One way to avoid the complexities of dealing directly and immediately with Russian and U.S. nuclear weapons in the Arctic is to concentrate first on the Nordic countries.
By Thomas S. Axworthy
If we are truly to move to a nuclear-weapon-free world, we need to replace competitive arms races with the notion of common security.
This will take time, but the strategy the InterAction Council of Former Heads of State and Government has recommended in its Hiroshima Declaration is to move on short-, medium-, and long-term benchmarks simultaneously.
As part of that approach, the InterAction Council recommended that the Arctic Council should begin to discuss security issues within its mandate and that a possible nuclear-weapons-free zone in the Arctic should be one of the items examined.
This year is the 50th anniversary of the Cuban Missile Crisis, which brought the world so close to nuclear annihilation. That crisis was precipitated by the Soviet Union placing nuclear-armed
nuclear annihilation. That crisis was precipitated by the Soviet Union placing nuclear-armed missiles in Cuba: the 1967 Treaty of Tlatelolco for Latin America, whose protocols have been ratified by all five nuclear weapon states, ensures that Latin America and the Caribbean will never again be subjected to such nuclear brinksmanship.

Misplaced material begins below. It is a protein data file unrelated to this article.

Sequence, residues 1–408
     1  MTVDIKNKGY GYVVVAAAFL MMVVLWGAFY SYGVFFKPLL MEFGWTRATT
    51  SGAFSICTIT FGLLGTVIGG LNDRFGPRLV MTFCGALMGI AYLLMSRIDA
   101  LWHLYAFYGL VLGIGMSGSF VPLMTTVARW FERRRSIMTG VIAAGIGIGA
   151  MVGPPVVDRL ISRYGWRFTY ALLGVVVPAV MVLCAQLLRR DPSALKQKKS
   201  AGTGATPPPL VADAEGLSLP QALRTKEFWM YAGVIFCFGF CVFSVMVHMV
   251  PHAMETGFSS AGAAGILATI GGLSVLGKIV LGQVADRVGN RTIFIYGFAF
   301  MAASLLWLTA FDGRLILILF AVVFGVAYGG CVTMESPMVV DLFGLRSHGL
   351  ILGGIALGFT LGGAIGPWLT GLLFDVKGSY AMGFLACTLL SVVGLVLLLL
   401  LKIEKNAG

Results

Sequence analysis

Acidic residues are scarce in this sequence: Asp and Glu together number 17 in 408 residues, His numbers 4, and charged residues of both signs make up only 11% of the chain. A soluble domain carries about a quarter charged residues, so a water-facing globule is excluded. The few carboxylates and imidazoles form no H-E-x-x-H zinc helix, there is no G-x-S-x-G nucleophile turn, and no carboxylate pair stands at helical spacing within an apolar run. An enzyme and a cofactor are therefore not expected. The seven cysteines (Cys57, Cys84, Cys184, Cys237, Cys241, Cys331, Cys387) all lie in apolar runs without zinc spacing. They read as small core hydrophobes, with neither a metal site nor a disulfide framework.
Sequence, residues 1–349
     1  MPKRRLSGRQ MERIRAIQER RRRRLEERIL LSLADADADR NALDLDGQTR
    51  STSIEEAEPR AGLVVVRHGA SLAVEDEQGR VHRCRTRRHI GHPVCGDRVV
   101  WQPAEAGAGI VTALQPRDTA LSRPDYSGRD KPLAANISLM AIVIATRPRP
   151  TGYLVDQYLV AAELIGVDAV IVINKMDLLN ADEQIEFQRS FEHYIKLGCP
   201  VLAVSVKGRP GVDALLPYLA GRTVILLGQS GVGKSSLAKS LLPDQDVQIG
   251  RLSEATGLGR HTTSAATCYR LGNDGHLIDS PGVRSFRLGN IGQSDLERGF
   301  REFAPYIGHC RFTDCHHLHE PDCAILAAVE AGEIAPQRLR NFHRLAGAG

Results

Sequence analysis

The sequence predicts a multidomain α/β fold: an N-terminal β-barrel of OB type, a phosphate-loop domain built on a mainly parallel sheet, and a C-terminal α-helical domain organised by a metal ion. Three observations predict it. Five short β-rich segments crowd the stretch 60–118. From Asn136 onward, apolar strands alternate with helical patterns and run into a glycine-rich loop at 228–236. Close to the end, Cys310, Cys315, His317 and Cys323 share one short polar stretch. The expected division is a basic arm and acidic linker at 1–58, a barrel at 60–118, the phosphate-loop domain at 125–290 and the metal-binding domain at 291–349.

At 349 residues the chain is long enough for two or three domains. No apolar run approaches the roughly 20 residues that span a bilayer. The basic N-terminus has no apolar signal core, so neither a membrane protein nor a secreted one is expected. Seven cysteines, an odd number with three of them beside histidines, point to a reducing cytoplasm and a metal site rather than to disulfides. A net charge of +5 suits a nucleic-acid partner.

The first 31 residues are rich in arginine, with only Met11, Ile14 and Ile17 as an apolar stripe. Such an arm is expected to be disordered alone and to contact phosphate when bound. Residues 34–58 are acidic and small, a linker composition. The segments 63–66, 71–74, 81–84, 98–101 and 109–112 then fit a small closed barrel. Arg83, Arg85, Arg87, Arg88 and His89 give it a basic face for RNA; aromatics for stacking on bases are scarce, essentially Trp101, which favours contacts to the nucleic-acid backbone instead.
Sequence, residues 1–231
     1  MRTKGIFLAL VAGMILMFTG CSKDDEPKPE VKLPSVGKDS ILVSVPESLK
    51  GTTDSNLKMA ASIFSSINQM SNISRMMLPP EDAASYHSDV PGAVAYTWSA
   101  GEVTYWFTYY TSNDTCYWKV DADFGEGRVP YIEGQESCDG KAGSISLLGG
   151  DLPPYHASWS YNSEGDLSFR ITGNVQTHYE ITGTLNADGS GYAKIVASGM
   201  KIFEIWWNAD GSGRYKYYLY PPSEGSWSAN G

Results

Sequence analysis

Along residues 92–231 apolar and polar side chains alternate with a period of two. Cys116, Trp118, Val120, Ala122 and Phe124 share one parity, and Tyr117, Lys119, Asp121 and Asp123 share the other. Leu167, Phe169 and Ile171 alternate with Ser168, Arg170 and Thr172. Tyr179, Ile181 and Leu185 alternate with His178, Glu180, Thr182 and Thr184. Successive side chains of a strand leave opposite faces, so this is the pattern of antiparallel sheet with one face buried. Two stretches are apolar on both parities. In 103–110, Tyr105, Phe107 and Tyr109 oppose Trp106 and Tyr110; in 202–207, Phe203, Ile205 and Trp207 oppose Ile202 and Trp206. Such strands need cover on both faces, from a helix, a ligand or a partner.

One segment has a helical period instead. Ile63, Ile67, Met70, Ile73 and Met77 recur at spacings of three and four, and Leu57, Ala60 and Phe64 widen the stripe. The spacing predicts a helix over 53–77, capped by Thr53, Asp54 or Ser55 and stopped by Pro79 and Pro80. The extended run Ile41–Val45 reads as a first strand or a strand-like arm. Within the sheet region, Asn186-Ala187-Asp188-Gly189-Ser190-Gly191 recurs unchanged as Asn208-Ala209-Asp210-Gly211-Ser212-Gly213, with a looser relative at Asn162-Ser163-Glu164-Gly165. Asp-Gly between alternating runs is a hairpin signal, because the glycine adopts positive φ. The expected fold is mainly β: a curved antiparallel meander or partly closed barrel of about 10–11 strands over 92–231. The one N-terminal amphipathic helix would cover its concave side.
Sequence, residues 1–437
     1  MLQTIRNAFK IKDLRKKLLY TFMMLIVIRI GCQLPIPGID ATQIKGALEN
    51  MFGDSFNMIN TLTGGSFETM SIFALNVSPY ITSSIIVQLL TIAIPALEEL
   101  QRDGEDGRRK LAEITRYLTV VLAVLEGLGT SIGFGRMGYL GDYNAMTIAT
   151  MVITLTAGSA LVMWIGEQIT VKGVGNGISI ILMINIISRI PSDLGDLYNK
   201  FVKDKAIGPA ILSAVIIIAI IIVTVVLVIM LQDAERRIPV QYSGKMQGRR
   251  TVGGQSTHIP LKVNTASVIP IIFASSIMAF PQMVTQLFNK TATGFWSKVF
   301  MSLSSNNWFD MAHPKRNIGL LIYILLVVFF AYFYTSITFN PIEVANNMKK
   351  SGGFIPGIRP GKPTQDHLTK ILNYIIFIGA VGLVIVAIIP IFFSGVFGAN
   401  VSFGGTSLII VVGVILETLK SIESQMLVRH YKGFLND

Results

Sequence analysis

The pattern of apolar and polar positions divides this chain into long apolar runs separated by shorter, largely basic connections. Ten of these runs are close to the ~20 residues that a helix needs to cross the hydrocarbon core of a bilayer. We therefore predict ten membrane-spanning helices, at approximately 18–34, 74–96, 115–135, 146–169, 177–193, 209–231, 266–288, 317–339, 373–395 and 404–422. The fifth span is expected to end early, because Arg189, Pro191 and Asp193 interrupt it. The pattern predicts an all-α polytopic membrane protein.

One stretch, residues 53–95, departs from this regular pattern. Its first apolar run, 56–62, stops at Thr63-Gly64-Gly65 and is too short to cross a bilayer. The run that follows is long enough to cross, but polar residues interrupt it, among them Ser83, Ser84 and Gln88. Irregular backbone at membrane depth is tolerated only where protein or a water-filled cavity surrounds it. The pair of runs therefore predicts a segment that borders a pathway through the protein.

The InterAction Council suggested for its medium-term strategy that the Arctic might be a worthy candidate for similar nuclear-weapon-free status. But it recognized that the Arctic is not Latin America in that two nuclear weapon states, the US and Russia, are part of the region. So a nuclearweapon-free Arctic necessitates major changes in the existing nuclear weapons postures of the two nuclear superpowers. That is the bad news.
The good news is that the Arctic is an excellent place to begin implementing a philosophy of common security since progress towards that end has been so rapid since the end of the Cold War.
Rather than nuclear-armed anti-aircraft missiles deployed under NORAD to strike Russian bombers flying down from the high Arctic—which was the northern defence policy when I first arrived to work in Ottawa in 1967—today, the Canadian chief of the defence staff hosted fellow northern chiefs of defence (including Russians) at Goose Bay last April to discuss cooperative support measures for emergency management.
This is a positive sign which I hope will become a regular event. The Arctic Council announced the new Arctic Search and Rescue Agreement in 2011 and is currently working on a similar formal undertaking on possible oil spills. Currently, Canada, Russia, and the United States cooperate trilaterally in the air and sea search and rescue exercises, and Canada must make urgent investment in equipment and training to ensure that we can meet our obligations in the new Arctic Search and Rescue Agreement. Moving to Global Zero requires Russia as an enthusiastic partner and the place to start is in the Arctic.